Again, for the sake of space, I will not break down every scene here. But some of the plot things we are told in this act is that Michael’s roommate, played by Bill Murray, is a playwright and they need money to put on this play. We also see, at his birthday party, that Michael is a bit of a womanizer. He lies to women.

So it is established that Michael Dorsey tells the truth when he’s acting, but in life can be a little dishonest.

There is a classic scene, also in the first act, where Michael Dorsey agues with his agent, played by the director of Tootsie, Sydney Pollack, about not getting him work. In the scene we hear Michael argue that he must always be truthful to the character he is playing—even if that character is a tomato.

I will let you find some of the rest of the thematic Easter eggs in the first act of this film. But I will say that this is a thing made with fine precision. This kind of craftsmanship is rare as the dodo in films made today.

By the end of this beautifully conceived and executed first act we find out that our character is a skilled actor who believes strongly that he must tell the truth while acting. We also find that he is not so honest in his life—particularly in regards to women. And we know that Michael Dorsey needs money. He needs a job.

The stage is set. When Michael Dorsey puts on the dress and make-up, and becomes his alter ego Dorothy Michaels we believe it. We know he has the acting and make-up skills.

We also know that he has a lesson to learn—he must become a better man,

And we know that when he becomes Dorothy, he has no choice but to see the world through the eyes of a woman because he has to become the character. He has to be true to the character. He cannot lie when he’s acting. This commitment to character is what forces Michael to change.

If you want to see storytellers working at the top of their craft watch Tootsie; take the time to really study the film, and it will make you a better writer.


Joon Kim said...

"YOU WERE A TOMATO!!!!" Truly great film. Fitting that your Tootsie entry follows your post featuring the video about sleight-of-hand magic. That's really what the opening of Tootsie does. Even when you taught us what the film was doing, I don't see it because the film is so charming and seems so effortless. I forget to look for anything.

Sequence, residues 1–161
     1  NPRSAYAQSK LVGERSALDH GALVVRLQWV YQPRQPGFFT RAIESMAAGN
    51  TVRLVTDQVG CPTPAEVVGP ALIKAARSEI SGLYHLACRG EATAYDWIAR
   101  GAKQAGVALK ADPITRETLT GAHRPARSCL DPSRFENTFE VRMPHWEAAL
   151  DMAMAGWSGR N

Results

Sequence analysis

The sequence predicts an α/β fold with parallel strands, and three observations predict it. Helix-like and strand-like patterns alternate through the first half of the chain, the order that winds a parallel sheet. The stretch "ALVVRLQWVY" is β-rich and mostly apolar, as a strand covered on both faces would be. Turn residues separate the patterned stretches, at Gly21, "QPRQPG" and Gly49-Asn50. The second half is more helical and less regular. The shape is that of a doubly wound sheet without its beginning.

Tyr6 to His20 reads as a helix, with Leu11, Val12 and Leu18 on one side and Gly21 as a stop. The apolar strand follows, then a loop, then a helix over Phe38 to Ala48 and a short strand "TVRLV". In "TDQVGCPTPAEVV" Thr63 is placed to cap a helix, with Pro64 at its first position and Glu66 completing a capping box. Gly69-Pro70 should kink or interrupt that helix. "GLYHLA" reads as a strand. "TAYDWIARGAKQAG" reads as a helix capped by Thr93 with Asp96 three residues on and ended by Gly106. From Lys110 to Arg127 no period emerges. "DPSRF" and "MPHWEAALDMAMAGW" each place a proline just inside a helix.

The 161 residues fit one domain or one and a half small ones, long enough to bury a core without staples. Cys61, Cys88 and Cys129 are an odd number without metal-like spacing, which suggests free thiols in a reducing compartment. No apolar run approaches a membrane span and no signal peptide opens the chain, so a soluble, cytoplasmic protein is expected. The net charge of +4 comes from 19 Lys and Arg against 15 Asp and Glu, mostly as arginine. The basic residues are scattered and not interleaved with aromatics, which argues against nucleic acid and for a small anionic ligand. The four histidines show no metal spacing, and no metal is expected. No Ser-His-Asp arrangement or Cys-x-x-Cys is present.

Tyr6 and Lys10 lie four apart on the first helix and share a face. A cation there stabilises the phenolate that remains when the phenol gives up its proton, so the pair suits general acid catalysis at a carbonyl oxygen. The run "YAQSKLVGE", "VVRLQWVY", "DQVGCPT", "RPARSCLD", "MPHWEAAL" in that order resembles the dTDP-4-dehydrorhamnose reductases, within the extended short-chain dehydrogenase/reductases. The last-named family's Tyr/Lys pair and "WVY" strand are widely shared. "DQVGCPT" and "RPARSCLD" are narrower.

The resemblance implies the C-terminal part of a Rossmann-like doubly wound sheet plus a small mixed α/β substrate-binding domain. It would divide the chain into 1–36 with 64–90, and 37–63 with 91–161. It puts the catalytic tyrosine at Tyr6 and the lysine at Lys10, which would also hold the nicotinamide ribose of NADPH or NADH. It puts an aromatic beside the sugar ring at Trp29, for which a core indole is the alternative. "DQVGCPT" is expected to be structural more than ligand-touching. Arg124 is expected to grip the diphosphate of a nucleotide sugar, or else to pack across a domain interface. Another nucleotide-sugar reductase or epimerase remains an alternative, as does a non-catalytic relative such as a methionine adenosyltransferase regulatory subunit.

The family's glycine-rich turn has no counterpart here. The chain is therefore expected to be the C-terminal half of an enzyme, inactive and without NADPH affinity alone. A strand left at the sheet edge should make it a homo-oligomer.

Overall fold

Brian McD said...

Yeah, people often think that this kind of focus and structure will be less engaging and entertaining. But it isn't.

The thing is no matter what method we are using in the end we still have to do it well for it to work.

imyjimmy said...
This comment has been removed by the author.
imyjimmy said...


You've talked about superior position in your blog before.

Would you also say that Tootsie is a good example of using superior position to generate humor?

Only two other characters in the movie besides Dustin Hoffman's character knows this, and they're both minor-ish characters.

So it's basically we the audience and Dustin Hoffman who's in on this disguise business, with Murray and Pollack doing Address and Dismiss Dialogue to pull the audience along.

Brian McD said...

Hey Jimmy,

You are right that superior position is at play here, but that is probably a byproduct of the story rather than a plan of any kind to heighten the humor. There is no other way to tell the story.

You couldn't tell the story of this man changing without revealing to the viewers what's happening.

Having said that I do think they took advantage of the fact and did use it rather than fight it.

And so there were able to use Address and Dismiss in order to make it easier for the viewers to swallow the concept and suspend disbelief.

imyjimmy said...


Yeah, it's pretty cool how a story can reveal to you what you should do to tell it. The armature tells you what tools to use, what genre it is, the nature of the dialogue, etc.

That being said it's fun to notice the different tools being used in a film.

By the way, did you ditch AOL? Welcome to 2010, man.

Anonymous said...

Of course, the make-up is important to make Michael's transformation into Dorothy believable. Only someone excellent at make-up and costuming could pull that off like he did.

And the audition text--I missed that, too, when I was watching it. He's reading with a man who is playing a woman and then he's giving an angry monologue about doing anything for money. Wow.

I love knowing that Pollack didn't want to direct it until he had the armature.

It's all so carefully laid out.

Brian McD said...

Hey Elise,

Yes, Tootsie is model of construction. There is always more to see there.

Dave said...

Stopped in after seeing Invisible Ink on Amazon. Really great to see somebody else today talking about story and not how to write a screenplay.

I'd love to have your books on Nook format if you have any control over that.

I just broke Tootsie down myself recently and it's such a marvelous film. The setups & payoffs are everywhere and it's so lean. Everything there contributes to the story in some way.

Great to read your comments and happy to have found you.

Brian McD said...

Hello Dave,

Thanks for reading the book and blog.

I'll ask my publisher about Nook.

Thanks again.

- Brian